Directed By: Rob Zombie
Starring: Sid Haig, Sheri Moon Zombie, Bill Moseley
Tag line: "Death walks behind. Hell waits ahead"
Trivia: Around one hundred digital effects shots appear in the film, mostly to create gore
While I’ll always hold a special place in my heart for Rob Zombie’s 2003 debut feature The House of 1000 Corpses, there’s no denying that its sequel, 2005’s The Devil’s Rejects, is the superior film.
A blood-soaked tale of murder and revenge, The Devil’s Rejects re-introduces us to the Firefly family, namely Otis (Bill Moseley), Baby (Sheri Moon Zombie), Mama (Leslie Easterbrook), Rufus (Tyler Mane), and Tiny (Matthew McGrory, in his final screen appearance), who, according to reports, are responsible for as many as 75 homicides. As the movie opens, Sheriff John Quincey Wydell (William Forsythe) and a number of Texas state troopers are descending on the Firefly house, intent on taking the entire family into custody. A shootout ensues, during which Rufus is killed and Mama Firefly is arrested. Taking advantage of the confusion, Otis and Baby manage to slip away. After arranging a rendezvous with the crazed clown Captain Spaulding (Sid Haig), who also happens to be Baby’s father, the two fugitives drive to an out-of-the-way motel, where, to pass the time, they terrorize a traveling Country / Western band (the frontman is played by Geoffrey Lewis). Once Captain Spaulding arrives, the three head to a whorehouse owned by Spaulding’s brother, Charlie Altamont (Ken Foree), where they intend to lay low. All the while, Sheriff Wydell, whose brother was murdered in cold blood by the family, continues his search for Otis and Baby, going so far as to hire a couple bounty hunters (Danny Trejo and Diamond Dallas Page) to track them down.
One of the issues I had with The House of 1000 Corpses was that Sid Haig’s sadistic clown, Captain Spaulding, wasn’t in it nearly enough (the few scenes he did appear in were pure gold). Well, The Devil’s Rejects corrects this mistake, giving the character a memorable intro (a dream sequence in which he’s having sex with adult star Ginger Lynn), then allowing him to tag along with Otis and Baby as they try to outrun the law. What’s more, the movie is, in spite of the horrific violence on display, quite funny, with the three leads generating a number of laughs throughout (while driving away from the motel where they just killed several people, Baby asks Otis to stop for ice cream, leading to an obscenities-laced argument between the two). The film’s cast, a veritable who’s who of indie horror, is beyond impressive. Along with Haig (Spider Baby) and Moseley (The Texas Chainsaw Massacre 2), The Devil’s Rejects co-stars such prominent actors as Ken Foree (Dawn of the Dead), Michael Berryman (The Hills Have Eyes), Danny Trejo (From Dusk Till Dawn), and P.J. Soles (Halloween, Carrie), appearing briefly as a mother whose young son is traumatized by a run-in with Captain Spaulding. Also excellent is William Forsythe (Once Upon a Time in America) as the lawman determined to bring the family to justice (we understand his desire for revenge, even if his methods are somewhat questionable). On top of all this, The Devil’s Rejects has an ending that’s positively iconic (you’ll never hear Lynyrd Skynyrd’s "Free Bird" again without thinking of this movie).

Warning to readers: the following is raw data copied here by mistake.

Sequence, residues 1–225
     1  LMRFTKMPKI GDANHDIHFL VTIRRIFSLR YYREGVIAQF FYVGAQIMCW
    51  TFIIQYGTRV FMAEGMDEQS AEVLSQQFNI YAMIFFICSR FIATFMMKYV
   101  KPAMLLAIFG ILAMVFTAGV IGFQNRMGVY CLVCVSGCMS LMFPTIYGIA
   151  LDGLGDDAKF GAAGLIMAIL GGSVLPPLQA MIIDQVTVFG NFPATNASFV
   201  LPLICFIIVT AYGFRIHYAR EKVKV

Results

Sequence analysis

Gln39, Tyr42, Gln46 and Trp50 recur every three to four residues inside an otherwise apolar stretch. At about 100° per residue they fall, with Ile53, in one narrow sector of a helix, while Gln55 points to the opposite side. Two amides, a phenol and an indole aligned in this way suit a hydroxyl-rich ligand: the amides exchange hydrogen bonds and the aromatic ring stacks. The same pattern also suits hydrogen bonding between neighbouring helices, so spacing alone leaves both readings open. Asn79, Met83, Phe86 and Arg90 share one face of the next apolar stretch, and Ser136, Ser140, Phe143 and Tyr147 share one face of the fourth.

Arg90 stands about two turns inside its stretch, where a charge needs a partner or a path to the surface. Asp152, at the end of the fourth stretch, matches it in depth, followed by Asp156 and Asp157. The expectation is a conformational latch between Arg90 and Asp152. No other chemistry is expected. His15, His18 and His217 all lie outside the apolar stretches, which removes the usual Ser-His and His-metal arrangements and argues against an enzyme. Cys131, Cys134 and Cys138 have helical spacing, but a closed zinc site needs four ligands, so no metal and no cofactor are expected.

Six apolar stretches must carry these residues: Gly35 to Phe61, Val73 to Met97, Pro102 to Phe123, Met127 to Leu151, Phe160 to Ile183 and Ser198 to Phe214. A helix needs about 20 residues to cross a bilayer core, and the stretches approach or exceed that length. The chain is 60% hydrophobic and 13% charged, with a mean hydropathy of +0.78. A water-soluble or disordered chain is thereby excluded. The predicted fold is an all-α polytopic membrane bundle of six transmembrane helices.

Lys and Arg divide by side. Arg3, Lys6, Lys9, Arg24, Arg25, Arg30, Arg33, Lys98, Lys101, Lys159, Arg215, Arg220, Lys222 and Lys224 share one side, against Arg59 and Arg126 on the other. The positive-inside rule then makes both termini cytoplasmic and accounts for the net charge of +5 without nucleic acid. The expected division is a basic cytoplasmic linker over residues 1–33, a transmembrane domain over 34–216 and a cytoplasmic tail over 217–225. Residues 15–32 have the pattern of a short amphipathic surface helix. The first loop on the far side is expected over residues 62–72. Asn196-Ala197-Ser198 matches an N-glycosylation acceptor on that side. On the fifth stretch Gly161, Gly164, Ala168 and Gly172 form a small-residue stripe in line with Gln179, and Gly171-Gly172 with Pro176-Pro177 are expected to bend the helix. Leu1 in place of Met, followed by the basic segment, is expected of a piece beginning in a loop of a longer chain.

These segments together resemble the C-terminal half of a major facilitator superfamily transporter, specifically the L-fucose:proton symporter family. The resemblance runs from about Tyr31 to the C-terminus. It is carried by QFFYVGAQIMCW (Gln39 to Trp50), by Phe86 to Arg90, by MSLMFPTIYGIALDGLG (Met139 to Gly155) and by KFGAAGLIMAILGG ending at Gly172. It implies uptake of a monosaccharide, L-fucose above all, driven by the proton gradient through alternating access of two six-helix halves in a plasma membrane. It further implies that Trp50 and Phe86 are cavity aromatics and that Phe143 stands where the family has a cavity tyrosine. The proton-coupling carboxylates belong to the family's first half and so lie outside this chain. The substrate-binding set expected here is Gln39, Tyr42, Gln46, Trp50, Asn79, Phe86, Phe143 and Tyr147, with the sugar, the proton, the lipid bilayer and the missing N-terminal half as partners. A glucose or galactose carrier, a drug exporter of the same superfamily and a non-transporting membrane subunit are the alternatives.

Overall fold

A word of warning: the violence in The Devil’s Rejects is often sudden and brutal, and there are scenes that will put even the staunchest gore hounds to the test (one in particular, where we see the aftermath of an accident involving a woman and a speeding semi, is spectacularly gruesome). That said, I’m a big fan of The Devil’s Rejects (it’s the movie I watch every year on Halloween night), and rank it right alongside Ju-On, Let the Right One In, The Descent, and, yes, The House of 1000 Corpses as one of the best horror films of the new millennium.